There are some special considerations respecting the elasticity of supply which merit our attention here. The most important of these is that elasticity is ordinarily smaller in the short run than in the long run. This is all the more likely to be the case the longer the time required to produce or to transport the goods to market, and the bigger the losses that would be sustained by withholding them from the market. This is why supply on the fish markets is, at any given moment, extraordinarily inelastic and subject to the caprice of demand, while from one fishing day to another, it can recover all its elasticity. The same is true for practically all the food markets—the result of which may be the appearance of vexatious disturbances and bottlenecks in such markets. Their elimination is an important task of economic policy. The stock exchanges, also, offer us examples of markets on which supply, during trading hours, is usually very inelastic, a circumstance which can occasionally lead to unexpected and possibly dangerous fluctuations in stock-market quotations. Such fluctuations are especially likely to occur when brokers are receiving from their clients a large number of orders to sell without any specification as to minimum price. In all such cases of “unlimited” supply, elasticity is reduced to zero, a phenomenon which may be observed with particular clarity at an auction (abstracting from those cases in which the owner sets the minimum bid).
The cases of totally inelastic supply, as well as of totally inelastic demand, border upon the domain of price curiosities. Also to be included in this latter category are the cases of inverse inelasticity in which supply and demand respond to price changes in a direction opposite to the usual one. It is quite possible, for example, that a fall in agricultural prices may provoke an increase rather than a reduction in cultivation as a consequence of each farmer seeking to compensate for price declines by raising his output. Official exhortations to restrict crop acreage can, in this situation, produce the opposite effect since many farmers would probably expand production in the expectation that all the other farmers would obey the official entreaties. Cases of this kind have actually occurred in the United States. A similar process may be observed on the labor market where price (wage) declines may result in increased labor productivity as each worker strives to maintain his existing income. An example of the inverse elasticity of demand is the familiar case in which an increase in prices causes an increase in demand because of speculation that prices will increase still further in the future.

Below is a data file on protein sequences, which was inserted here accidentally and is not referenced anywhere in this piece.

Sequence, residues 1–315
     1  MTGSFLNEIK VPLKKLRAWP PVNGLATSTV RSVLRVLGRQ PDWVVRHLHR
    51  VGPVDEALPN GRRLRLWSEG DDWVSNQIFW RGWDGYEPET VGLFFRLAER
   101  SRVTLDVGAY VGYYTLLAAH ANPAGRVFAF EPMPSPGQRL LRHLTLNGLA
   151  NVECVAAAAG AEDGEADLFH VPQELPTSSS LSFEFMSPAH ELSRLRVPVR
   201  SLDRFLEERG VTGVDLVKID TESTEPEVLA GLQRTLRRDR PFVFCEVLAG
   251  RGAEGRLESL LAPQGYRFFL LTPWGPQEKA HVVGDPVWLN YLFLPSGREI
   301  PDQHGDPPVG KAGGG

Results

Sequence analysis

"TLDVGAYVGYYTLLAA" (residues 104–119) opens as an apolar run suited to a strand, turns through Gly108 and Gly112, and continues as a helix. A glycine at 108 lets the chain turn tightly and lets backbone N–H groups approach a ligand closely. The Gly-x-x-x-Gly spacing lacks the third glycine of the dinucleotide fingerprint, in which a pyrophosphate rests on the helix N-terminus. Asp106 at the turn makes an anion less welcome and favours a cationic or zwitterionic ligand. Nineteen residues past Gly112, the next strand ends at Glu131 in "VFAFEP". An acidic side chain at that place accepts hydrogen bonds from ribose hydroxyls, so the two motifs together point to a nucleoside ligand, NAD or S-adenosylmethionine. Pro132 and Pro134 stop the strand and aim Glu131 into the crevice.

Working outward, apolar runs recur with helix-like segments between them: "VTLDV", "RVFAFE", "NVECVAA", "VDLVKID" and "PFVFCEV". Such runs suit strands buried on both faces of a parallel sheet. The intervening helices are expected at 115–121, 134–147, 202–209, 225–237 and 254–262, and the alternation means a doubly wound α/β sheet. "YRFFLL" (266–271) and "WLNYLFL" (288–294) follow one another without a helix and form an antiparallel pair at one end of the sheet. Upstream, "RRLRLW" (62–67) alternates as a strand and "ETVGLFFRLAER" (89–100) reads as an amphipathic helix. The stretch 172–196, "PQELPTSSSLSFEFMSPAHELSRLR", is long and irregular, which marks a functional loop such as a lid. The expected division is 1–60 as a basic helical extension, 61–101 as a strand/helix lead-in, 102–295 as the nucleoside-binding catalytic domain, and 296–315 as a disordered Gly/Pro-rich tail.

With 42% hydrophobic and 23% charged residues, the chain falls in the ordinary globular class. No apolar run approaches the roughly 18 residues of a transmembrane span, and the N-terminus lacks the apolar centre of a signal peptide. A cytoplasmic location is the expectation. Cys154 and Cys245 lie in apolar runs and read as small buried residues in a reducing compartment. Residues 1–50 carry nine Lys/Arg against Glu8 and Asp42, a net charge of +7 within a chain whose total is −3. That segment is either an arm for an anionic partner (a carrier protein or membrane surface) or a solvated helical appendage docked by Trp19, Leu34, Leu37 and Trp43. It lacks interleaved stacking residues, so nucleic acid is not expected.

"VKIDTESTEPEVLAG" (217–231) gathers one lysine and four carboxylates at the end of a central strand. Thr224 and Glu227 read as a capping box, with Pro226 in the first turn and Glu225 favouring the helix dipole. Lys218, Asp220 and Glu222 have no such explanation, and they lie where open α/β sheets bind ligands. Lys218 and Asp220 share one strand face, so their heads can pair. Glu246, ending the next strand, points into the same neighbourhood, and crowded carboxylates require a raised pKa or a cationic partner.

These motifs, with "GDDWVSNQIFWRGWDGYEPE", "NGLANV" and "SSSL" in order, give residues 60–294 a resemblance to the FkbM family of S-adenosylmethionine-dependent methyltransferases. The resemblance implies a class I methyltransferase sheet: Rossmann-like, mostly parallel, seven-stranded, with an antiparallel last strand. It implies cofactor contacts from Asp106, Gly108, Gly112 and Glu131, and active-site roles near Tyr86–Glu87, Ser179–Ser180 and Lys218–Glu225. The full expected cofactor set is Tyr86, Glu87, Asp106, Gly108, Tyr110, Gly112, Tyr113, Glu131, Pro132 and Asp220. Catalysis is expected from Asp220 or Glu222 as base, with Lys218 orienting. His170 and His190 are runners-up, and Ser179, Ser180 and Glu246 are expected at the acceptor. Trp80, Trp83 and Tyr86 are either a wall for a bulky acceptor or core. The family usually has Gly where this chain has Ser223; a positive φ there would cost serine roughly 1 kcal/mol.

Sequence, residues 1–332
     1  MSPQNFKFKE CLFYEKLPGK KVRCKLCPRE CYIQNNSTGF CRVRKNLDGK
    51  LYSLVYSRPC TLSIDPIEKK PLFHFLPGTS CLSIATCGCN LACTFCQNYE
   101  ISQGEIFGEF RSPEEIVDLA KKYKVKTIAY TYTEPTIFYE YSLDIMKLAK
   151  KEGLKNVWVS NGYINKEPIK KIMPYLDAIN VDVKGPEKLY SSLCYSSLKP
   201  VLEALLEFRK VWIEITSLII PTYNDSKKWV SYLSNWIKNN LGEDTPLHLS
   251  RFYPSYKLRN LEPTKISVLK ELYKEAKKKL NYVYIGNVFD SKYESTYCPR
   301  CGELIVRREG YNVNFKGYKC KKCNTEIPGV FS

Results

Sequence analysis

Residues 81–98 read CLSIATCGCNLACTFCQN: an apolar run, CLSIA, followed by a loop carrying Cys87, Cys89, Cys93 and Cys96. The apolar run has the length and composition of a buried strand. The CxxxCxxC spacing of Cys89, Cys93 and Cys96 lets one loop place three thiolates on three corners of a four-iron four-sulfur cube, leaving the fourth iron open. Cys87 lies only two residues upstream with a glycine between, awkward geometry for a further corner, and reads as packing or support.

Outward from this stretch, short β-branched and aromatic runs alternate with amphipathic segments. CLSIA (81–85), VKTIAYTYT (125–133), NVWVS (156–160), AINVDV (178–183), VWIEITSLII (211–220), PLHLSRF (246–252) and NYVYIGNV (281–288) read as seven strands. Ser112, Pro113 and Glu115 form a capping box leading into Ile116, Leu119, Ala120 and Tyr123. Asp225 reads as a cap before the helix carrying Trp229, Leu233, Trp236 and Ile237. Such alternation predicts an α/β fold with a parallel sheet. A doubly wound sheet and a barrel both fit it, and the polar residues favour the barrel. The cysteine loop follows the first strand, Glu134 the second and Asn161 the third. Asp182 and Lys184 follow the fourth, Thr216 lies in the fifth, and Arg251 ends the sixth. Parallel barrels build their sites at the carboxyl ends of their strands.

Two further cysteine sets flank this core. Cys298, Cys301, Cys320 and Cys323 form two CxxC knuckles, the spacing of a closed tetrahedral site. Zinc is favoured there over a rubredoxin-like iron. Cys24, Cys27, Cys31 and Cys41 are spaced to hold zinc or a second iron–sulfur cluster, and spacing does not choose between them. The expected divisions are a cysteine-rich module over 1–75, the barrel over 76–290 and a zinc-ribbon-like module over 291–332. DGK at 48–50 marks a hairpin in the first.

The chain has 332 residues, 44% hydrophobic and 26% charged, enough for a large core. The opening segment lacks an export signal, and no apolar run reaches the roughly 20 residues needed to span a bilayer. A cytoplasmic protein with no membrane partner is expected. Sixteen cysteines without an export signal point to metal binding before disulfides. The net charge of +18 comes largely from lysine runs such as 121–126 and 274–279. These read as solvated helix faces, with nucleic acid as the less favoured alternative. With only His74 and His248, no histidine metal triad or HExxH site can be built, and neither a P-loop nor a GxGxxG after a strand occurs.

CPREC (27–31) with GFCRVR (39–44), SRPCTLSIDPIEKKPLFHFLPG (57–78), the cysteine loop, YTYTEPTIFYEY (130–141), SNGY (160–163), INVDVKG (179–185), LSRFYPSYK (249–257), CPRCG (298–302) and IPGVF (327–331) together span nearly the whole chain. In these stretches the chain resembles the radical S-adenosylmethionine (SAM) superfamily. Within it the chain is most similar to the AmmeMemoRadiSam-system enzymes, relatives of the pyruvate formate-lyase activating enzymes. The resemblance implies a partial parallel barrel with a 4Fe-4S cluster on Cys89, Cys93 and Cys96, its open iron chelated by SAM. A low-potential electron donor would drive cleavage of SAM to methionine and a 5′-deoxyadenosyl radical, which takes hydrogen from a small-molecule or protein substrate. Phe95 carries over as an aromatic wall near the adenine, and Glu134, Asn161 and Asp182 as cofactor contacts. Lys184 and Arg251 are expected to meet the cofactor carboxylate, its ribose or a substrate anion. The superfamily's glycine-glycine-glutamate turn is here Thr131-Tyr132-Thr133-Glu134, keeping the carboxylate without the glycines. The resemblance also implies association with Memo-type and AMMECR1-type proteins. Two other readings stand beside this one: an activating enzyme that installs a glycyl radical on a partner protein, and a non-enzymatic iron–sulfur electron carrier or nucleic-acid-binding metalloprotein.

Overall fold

Let us take note, finally, of the fact that the elasticity of demand can be used in quite another sense than that in which we have thus far used it. Having defined elasticity as the degree to which demand reacts to price changes, we may also speak of an elasticity of demand in terms of the degree to which the demand of individuals reacts to changes in their incomes. We distinguish in this case the price elasticity of demand from income elasticity of demand. This latter case involves considerations with which have already dealt.